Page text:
Synopsis: "Rocketman" is a musical biopic about the rise, crash and full recovery of rock legend, Elton John. Raised in northwest London as Reginald Dwight, he grew up in a broken family, raised by aloof parents who showed little interest in him and his natural talent of playing the piano by ear. Elton paired up with lyricist Bernie Taupin to successfully co-create top-charting hits since the 1970s. Lavished with fame and fortune, Elton's multiple addictions became out of control, stoked by his controlling manager and gay lover, John Reid, that contributed to his descent into attempted suicide. He sought help at a rehab center that became his saving grace.
Warning: Spoilers within the Presentation
Welcome to "Conscious Movie Reviews." I'm your host Joy Davis and here to review the musical biopic, "Rocketman".
Skipping out on a concert performance, Elton John barged in on a rehab meeting, dressed as the devil in orange. He needed help, admitting that he's addicted to sex, drugs, and alcohol as a bulimic shopaholic with anger issues.
Wearing flamboyant costumes symbolized Elton's "mask of shame" that hid a more sensitive nature. By dressing as the devil, it was an outward show of confronting his inner demons that are the hard emotions he had demonized. This time, Elton felt ready to bare himself in an emotionally transparent and vulnerable way for true healing.
Asked what he was like as a child, Elton channeled his anger.
Born in northwest London as Reginald Kenneth Dwight, he lived with a hyper-critical and emotionally cold mum named Sheila. Reggie's absentee father, Stanley, would only be around occasionally. It was the nasty fights between his parents and their disinterest in his musical ability to play the piano by ear that pained him. Sheila's affair with another man was the breaking point for Stanley to walk out on them.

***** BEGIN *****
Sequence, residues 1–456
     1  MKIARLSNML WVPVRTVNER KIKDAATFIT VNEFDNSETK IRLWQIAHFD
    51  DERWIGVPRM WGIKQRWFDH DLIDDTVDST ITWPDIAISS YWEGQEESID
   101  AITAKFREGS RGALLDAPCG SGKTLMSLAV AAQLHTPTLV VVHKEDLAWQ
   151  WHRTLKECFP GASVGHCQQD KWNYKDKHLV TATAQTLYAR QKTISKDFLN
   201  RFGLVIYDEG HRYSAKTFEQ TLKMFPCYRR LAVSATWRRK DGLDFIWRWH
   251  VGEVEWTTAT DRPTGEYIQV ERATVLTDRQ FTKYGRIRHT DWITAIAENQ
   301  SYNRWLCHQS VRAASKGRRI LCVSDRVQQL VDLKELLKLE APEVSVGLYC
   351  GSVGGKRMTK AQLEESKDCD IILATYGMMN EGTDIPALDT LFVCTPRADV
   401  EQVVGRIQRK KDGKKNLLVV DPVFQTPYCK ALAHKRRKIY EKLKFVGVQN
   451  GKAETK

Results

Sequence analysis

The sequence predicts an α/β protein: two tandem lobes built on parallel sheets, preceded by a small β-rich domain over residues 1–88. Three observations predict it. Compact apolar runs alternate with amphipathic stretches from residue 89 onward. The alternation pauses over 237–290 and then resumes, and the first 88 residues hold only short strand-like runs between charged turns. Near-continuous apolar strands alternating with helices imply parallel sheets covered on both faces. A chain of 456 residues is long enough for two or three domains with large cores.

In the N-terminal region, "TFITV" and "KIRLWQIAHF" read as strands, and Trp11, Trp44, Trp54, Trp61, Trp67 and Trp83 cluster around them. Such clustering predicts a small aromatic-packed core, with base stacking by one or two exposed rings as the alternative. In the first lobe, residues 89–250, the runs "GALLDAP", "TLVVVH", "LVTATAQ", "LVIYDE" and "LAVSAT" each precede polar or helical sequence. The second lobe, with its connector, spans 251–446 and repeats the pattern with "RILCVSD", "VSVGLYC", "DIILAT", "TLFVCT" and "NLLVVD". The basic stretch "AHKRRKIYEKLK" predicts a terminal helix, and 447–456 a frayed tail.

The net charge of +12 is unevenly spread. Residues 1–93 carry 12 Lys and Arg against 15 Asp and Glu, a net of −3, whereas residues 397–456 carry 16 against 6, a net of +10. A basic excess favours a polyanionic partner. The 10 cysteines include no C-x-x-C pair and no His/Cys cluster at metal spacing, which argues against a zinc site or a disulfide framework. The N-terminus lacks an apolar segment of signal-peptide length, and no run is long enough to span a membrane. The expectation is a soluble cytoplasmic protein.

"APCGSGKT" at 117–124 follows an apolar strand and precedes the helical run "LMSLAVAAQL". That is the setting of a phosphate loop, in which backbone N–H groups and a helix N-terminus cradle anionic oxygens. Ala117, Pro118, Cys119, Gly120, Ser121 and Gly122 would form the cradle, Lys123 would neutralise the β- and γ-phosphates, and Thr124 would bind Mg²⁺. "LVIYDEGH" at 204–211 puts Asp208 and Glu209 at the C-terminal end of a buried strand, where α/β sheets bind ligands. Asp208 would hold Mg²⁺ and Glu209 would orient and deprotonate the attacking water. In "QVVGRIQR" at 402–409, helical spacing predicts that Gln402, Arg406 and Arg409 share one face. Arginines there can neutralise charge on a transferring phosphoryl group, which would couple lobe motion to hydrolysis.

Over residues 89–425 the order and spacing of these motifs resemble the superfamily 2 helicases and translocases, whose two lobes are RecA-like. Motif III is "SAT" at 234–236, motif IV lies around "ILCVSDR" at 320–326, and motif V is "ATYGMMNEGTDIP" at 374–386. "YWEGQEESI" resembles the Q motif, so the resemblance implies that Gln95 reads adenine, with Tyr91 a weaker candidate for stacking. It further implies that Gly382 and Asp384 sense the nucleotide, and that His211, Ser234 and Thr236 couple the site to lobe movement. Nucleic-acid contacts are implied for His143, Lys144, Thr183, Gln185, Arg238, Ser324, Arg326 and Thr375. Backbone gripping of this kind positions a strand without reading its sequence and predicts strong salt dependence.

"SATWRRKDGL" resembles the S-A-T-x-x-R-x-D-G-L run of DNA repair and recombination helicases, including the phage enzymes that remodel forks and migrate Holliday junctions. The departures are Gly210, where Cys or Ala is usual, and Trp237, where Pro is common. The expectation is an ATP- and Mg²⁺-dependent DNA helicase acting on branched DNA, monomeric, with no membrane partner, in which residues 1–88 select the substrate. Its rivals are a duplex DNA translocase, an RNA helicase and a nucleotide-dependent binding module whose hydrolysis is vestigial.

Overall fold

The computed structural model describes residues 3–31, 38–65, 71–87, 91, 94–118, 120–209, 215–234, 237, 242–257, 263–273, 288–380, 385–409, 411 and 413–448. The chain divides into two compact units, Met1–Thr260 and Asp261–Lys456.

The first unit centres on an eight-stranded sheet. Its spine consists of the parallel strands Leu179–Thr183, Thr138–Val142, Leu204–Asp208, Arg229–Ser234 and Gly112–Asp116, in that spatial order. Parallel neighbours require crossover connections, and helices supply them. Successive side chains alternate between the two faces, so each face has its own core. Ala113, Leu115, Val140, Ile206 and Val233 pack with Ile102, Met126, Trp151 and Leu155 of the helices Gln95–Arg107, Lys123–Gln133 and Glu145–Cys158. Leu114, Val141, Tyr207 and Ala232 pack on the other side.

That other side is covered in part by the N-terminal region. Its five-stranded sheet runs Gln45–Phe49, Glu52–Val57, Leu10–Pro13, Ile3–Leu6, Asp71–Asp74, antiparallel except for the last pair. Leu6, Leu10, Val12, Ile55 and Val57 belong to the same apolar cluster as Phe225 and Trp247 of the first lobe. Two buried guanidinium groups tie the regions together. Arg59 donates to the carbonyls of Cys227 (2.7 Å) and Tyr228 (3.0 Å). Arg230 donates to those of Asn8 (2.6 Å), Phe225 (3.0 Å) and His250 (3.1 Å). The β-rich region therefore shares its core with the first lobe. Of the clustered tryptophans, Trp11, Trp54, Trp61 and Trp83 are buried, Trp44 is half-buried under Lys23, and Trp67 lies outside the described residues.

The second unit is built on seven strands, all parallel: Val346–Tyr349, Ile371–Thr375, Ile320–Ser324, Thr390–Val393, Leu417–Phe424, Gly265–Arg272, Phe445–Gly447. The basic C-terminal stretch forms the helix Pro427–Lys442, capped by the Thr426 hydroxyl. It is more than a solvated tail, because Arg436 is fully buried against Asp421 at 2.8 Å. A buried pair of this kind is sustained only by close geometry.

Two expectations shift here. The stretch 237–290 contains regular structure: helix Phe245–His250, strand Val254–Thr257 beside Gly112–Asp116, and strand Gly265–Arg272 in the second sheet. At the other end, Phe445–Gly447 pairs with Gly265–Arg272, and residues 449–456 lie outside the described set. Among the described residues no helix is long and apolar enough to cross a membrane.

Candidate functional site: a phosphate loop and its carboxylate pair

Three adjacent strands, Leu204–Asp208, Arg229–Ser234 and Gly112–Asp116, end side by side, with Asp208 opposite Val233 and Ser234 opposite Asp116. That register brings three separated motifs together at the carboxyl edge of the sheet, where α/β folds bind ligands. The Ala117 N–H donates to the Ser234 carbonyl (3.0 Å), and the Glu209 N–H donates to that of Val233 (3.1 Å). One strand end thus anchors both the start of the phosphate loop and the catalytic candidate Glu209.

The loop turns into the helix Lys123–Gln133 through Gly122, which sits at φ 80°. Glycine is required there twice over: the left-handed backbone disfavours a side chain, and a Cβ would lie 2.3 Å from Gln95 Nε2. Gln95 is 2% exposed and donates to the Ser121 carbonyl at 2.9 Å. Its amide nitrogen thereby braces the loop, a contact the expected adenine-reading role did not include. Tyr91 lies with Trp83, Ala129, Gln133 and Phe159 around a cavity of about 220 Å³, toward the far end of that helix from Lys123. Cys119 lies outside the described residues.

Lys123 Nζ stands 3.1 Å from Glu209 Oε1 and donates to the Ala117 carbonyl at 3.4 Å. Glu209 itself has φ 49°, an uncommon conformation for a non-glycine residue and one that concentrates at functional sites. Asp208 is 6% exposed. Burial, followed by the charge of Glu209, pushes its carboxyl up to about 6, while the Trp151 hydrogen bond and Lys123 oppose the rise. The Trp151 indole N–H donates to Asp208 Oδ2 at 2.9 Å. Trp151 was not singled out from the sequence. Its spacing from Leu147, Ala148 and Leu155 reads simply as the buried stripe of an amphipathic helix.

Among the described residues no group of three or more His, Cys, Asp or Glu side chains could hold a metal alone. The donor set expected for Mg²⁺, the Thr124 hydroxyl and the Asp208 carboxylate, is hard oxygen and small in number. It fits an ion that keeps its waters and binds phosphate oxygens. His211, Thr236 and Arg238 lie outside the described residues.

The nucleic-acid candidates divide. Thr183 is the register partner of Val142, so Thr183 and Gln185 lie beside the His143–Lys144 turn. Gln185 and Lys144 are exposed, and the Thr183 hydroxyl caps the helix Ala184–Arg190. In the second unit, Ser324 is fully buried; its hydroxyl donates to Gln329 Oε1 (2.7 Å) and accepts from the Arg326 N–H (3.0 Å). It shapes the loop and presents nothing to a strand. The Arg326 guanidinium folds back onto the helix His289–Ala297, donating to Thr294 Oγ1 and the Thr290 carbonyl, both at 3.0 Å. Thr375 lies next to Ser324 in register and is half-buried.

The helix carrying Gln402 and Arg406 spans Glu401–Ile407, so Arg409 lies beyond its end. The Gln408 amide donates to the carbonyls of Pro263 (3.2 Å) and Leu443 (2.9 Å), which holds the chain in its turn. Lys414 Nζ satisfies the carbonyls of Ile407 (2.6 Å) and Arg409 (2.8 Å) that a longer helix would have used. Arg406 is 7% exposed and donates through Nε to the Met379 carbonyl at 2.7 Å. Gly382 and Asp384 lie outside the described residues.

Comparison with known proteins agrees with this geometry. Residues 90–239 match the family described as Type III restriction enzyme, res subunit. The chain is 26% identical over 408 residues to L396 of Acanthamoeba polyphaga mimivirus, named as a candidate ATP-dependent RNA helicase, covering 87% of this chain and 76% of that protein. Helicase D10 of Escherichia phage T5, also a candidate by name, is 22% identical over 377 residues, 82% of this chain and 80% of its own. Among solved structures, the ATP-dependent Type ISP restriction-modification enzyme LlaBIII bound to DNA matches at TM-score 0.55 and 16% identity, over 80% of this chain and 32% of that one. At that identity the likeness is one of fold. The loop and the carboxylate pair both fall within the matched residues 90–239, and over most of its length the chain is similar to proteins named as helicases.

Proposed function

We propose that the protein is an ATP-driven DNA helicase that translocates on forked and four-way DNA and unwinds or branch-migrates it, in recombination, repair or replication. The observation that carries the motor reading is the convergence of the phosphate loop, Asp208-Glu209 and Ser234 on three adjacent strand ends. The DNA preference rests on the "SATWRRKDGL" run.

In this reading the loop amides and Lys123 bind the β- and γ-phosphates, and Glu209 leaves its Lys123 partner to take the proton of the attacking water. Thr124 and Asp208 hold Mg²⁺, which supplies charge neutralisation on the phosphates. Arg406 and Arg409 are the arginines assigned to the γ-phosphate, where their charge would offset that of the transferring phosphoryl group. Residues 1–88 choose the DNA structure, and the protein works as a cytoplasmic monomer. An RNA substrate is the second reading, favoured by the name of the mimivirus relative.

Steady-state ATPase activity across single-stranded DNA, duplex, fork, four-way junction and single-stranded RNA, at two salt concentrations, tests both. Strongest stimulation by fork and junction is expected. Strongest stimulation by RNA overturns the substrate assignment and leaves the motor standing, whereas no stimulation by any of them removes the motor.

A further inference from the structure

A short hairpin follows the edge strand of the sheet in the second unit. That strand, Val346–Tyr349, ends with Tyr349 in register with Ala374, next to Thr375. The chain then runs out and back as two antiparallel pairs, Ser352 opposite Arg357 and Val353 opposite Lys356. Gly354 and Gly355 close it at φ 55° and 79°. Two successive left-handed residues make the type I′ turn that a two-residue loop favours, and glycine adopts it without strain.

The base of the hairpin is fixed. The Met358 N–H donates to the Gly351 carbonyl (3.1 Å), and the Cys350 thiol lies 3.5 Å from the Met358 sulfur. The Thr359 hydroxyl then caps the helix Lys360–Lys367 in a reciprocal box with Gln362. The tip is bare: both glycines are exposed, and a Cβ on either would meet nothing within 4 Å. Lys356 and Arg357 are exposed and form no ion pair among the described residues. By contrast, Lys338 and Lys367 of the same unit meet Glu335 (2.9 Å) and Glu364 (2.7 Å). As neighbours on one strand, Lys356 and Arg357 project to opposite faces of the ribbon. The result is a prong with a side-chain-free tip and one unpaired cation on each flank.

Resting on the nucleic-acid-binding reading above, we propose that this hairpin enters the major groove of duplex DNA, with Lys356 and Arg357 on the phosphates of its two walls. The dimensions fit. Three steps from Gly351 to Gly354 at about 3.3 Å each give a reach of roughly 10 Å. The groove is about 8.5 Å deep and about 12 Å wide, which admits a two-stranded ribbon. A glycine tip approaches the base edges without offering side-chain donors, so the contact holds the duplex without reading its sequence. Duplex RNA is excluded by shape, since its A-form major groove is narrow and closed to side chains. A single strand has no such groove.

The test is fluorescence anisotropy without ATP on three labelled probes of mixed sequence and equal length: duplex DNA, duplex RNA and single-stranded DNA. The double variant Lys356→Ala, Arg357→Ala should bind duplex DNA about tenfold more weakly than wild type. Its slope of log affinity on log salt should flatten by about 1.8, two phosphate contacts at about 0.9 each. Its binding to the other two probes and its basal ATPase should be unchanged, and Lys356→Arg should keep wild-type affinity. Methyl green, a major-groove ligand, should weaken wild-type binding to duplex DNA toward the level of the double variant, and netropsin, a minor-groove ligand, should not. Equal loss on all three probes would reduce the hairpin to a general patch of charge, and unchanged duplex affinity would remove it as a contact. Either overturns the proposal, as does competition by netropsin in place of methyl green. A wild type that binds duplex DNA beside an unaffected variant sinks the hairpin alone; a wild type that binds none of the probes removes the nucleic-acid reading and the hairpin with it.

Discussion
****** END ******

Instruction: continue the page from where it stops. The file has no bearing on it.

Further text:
Raised around chaos, he felt ongoing shame - a pillar of loneliness. Self-help author and spiritual teacher Teal Swan explains that "when you feel shame, you feel like something about you is so bad and so wrong that it's inconceivable that someone or something could be attached to and connected to you. But because you don't believe you are worthy of connection, it always feels like abandonment is right around the corner."
Singing "I Want Love" provided the musical backdrop for how he felt that kept him addicted to love for many years. Your emotional age as an adult can be the same age as when you experienced trauma growing up and stay stuck there. At times, Elton acted out of neediness in a childish way because he saw himself as a small, vulnerable child.
Following up on a tip by a Black American singer on what he must do to be famous, Reginald took on the stage name of Elton John, then signed with DJM Records for a three album-a-year deal.
Music executive Ray Williams paired him up with songwriter Bernie Taupin to create a perfect match. Bernie was tone deaf and Elton wasn't good at writing lyrics. As friends, they were often in sync with each other. This is the hallmark trait of Soul Companions, a non-sexual type of Soul Mate relationship. Mateo Sol of "Loner Wolf" describes this dynamic as being with someone who is in ego harmony with you that can last a lifetime without friction. Elton admitted in interviews that he never had an argument with Bernie. They've collaborated as friends for over fifty years.
Just before Elton was about to perform at the famous Troubadour in Los Angeles, he complained of stage fright from knowing that musical legends are in the audience. He wowed them with "Crocodile Rock" to magically float with his feet up while playing the piano.
This scene shows that whenever Elton is caught up in a song, he's in soul flight to wander free. Serving as the purveyor of Elton's thoughts and feelings, Bernie wove this sensation into the lyrics of "Rocketman," "Skyline Pigeon," "Philadelphia Freedom" and "Don't Let the Sun Go Down on Me."
When you're raised by parents who are emotionally unavailable, its hard to feel securely attached - secure in your sense of self and trust that others would respond to you in a safe and nurturing way. He preferred to float out in space instead of landing down to harsh reality.
The montage of music videos within the film represented Elton John's album of emotional memories. This is more about his personal truth through feeling and perception, but not based entirely on fact because the scenes show how music allows for the objective and subjective to become one.